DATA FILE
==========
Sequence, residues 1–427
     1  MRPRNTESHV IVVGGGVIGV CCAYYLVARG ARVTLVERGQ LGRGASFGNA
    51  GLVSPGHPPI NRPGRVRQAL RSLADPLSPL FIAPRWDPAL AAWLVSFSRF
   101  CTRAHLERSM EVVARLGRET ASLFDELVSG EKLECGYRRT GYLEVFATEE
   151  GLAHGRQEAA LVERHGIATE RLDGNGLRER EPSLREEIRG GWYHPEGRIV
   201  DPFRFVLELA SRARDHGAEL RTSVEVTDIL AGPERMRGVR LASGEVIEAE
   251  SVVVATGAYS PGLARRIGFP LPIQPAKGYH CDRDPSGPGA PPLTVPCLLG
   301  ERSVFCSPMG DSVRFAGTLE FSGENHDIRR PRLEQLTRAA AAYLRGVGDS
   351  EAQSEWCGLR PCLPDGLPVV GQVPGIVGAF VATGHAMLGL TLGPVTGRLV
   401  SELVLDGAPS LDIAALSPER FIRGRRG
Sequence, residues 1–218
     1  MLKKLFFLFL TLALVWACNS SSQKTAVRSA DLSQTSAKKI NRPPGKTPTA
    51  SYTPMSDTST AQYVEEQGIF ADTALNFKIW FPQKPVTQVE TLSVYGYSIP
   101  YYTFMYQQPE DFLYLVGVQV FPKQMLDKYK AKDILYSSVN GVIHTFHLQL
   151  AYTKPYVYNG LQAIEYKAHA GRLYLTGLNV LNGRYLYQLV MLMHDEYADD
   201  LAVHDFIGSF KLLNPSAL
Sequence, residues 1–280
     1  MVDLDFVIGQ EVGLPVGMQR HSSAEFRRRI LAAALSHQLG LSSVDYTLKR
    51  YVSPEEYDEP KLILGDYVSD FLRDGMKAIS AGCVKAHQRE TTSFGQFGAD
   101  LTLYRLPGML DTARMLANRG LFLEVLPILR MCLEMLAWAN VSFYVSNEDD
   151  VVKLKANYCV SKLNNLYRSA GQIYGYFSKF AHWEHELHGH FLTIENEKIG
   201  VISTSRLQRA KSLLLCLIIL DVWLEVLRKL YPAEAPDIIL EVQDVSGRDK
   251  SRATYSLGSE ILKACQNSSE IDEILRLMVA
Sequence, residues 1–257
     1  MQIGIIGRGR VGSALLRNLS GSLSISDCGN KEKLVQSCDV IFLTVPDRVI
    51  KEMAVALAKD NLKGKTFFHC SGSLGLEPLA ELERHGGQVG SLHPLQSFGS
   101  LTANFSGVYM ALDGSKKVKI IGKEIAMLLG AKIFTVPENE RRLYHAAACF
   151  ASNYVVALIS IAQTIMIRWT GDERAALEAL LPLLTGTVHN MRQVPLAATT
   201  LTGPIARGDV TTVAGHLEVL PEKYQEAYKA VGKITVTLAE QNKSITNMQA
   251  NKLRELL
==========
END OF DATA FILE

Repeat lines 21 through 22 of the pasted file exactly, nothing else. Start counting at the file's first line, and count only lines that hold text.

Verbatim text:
   151  VVKLKANYCV SKLNNLYRSA GQIYGYFSKF AHWEHELHGH FLTIENEKIG
   201  VISTSRLQRA KSLLLCLIIL DVWLEVLRKL YPAEAPDIIL EVQDVSGRDK